The third and fourth year of medical school are ridiculously difficult, but not for the reasons you think. Culture matters. Everyone and every specialty is distinct and it’s on you to effortlessly navigate all of the people and their respective idiosyncrasies. Although people are all individuals, each specialty seems to have their own overarching spirit.
For example: surgery.
Surgeons do not respond well to the bleeding heart types. Instead of complaining on rounds about how Ms. Sally hasn’t pooped for three days which is causing her to have stomach pains that distract her from her stories, be succinct. “Ms. Sally hasn’t pooped since surgery. I would suggest a laxative.” It gets your point across, and you avoid putting the team an hour behind on rounds.
On neurology consults I was on with Casey. She was a straight shooter from Jersey who knew her stuff but didn’t take forever when presenting patients, so I liked her. One day we were all sitting down with the attending to go over the cases for the day. The attending addressed me to say, “Jennifer, why don’t you present on post-stroke management for us tomorrow.” As I poised myself to verbally acquiesce, Casey chimed in, “I will do it after all of the stroke patients.”
Um, we’re on neurology. So, 75 percent of the people on service have a stroke. 75 percent. Also, did she just hijack my assignment? I am the least subtle person in America so after we dismissed, I went up to Casey and said, “Hey, Casey. You sort of bogarted my assignment, what’s up?” She looked completely confused but I stood my ground to see how she would play it. “It was my patient; do you want the assignment?” I was about to retort before I decided to consider cost-benefit ratio for the first time in my life. I could take it there, but it wouldn’t matter … except that Casey and I wouldn’t be cool anymore. Medical school is hard enough without discarding one of the few people I could commiserate with. I told a few jokes, and we were laughing until we both got to the parking lot.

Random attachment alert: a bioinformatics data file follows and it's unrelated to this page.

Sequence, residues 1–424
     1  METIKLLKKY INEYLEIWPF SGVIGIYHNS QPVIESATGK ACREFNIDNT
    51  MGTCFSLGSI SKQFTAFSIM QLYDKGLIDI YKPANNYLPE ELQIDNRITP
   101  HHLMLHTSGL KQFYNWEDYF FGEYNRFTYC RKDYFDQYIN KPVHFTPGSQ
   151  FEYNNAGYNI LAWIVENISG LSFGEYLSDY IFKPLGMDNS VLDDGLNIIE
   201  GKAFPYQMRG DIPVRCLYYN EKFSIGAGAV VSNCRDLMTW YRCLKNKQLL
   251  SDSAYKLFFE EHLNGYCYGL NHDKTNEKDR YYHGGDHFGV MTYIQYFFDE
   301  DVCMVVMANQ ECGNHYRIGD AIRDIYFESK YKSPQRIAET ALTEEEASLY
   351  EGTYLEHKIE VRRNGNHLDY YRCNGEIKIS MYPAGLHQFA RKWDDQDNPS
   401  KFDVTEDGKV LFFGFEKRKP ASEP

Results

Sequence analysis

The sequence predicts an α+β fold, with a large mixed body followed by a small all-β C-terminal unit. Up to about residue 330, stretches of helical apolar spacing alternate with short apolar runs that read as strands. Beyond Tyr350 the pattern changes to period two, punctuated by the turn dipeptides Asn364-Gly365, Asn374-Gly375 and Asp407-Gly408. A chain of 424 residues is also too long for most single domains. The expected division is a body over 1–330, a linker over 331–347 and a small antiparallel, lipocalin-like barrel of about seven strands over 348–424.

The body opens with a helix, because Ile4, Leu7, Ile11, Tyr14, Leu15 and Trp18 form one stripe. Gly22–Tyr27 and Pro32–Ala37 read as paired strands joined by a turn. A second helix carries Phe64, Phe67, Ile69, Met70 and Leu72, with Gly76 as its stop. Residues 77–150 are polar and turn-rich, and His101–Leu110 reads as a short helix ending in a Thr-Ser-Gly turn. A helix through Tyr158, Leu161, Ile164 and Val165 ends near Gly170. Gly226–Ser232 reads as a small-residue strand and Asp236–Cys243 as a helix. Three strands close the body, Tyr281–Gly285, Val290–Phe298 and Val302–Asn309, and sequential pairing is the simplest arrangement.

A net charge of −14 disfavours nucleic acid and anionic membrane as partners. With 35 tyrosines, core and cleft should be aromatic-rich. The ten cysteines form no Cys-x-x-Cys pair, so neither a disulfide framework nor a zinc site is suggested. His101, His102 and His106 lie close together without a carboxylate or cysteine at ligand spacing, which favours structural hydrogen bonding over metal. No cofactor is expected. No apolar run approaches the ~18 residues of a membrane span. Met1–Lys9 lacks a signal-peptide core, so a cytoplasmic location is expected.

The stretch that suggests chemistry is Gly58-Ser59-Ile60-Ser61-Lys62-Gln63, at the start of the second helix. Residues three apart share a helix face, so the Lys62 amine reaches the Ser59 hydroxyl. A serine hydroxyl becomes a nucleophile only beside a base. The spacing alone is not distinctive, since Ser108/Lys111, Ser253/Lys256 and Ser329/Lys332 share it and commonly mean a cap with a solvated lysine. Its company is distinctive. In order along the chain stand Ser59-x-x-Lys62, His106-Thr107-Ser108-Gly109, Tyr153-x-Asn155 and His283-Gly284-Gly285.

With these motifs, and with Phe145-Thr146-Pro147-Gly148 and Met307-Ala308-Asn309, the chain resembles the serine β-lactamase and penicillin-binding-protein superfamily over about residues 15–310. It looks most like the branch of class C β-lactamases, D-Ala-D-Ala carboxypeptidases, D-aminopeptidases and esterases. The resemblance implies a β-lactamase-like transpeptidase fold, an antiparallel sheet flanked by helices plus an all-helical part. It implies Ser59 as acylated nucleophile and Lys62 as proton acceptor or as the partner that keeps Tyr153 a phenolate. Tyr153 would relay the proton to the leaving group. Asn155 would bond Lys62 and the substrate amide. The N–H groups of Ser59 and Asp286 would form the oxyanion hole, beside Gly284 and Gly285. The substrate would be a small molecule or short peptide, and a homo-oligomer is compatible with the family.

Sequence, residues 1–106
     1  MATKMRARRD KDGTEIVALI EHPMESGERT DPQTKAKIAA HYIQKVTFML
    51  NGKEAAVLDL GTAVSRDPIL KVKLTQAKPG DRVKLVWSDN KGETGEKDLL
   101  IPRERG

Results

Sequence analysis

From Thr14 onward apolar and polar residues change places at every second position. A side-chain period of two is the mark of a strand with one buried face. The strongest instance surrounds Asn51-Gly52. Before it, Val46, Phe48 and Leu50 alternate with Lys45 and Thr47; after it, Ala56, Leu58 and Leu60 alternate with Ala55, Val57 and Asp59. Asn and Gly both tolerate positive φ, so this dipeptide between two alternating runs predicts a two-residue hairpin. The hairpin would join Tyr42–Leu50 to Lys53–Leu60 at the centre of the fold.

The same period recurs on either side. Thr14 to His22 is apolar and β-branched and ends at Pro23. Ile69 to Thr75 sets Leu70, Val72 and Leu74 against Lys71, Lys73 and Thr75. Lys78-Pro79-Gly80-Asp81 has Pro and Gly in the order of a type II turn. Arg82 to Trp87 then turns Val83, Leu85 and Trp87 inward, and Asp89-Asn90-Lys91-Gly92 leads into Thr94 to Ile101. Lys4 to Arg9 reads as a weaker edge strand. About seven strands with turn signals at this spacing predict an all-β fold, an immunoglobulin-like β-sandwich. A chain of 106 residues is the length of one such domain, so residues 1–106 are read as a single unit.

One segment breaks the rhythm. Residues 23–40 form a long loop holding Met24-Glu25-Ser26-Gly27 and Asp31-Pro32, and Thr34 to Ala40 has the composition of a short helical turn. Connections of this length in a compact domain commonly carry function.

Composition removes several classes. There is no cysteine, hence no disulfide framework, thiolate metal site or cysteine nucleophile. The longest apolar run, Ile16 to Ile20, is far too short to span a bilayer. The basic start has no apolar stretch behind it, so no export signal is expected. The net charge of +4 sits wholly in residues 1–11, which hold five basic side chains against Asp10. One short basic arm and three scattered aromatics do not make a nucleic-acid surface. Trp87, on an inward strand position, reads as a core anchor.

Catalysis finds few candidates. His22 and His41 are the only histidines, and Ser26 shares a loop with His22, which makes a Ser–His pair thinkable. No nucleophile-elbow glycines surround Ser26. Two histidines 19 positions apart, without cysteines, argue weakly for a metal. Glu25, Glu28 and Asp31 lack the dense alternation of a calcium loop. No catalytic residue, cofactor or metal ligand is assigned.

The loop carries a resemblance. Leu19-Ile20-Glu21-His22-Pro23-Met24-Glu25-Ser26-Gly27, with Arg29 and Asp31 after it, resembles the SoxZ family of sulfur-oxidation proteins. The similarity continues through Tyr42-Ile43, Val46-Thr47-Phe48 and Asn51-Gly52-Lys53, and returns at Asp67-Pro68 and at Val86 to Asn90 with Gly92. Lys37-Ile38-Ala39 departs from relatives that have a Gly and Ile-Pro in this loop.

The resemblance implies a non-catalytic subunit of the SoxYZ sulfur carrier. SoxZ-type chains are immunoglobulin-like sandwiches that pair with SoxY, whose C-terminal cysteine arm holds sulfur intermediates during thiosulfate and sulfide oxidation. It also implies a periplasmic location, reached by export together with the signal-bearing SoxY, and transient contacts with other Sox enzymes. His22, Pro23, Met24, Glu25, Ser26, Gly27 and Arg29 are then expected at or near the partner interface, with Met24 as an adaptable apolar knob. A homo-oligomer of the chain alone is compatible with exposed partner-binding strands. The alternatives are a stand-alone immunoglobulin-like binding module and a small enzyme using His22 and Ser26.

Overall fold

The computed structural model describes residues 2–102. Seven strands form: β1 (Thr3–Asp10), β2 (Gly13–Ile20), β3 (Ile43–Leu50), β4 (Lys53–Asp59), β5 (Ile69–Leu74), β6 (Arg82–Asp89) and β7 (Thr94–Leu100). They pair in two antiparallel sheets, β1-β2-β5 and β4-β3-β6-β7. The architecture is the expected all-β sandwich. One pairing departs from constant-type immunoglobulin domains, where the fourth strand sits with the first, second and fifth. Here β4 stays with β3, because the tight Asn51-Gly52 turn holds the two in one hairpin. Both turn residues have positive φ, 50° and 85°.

When I told K and D about it at lunch they were unsurprised. “Erika and Dennis have been having a bake-off on internal medicine,” K laughed.
He continued, “I stayed late, like, until 10 p.m., and you know what the intern said? Dennis is such a great med student; he brought cookies!” We burst out laughing. “When did baking make it onto the evals?” D exclaimed. She continued, “I ain’t baking a thing, and if that makes me miss honors, I’m good.”
Easy for D to say, she could take a test like nobody’s business, and while K and were affable, we were the academic B team. After schmoozing with patients all week, we could barely scrounge up the energy for all-night study sessions. When we did convene to study, we spent one-fourth of the time cursing our stingy primary care docs for not diagnosing us with adult ADHD and supplying us with stimulants.
Life just isn’t fair.
Once class rank was released for the year, I realized that I had fallen. I had hoped third year would be a boost! Didn’t every evaluation say I was excellent with patients and a pleasure to work with? The end of rotation exams had ruined my chances of ranking highly, but I guess P=MD? Every now again I allow myself to be vulnerable enough to admit that I wish it wasn’t all about grades, but I guess you can’t measure empathy. One might expect me to turn around and present a nuanced evaluation algorithm that solves the “problem” of subjectivity, but I view it as a series of learning opportunities. Life isn’t fair, and frankly neither is medicine.
Jennifer Udom is a medical student.
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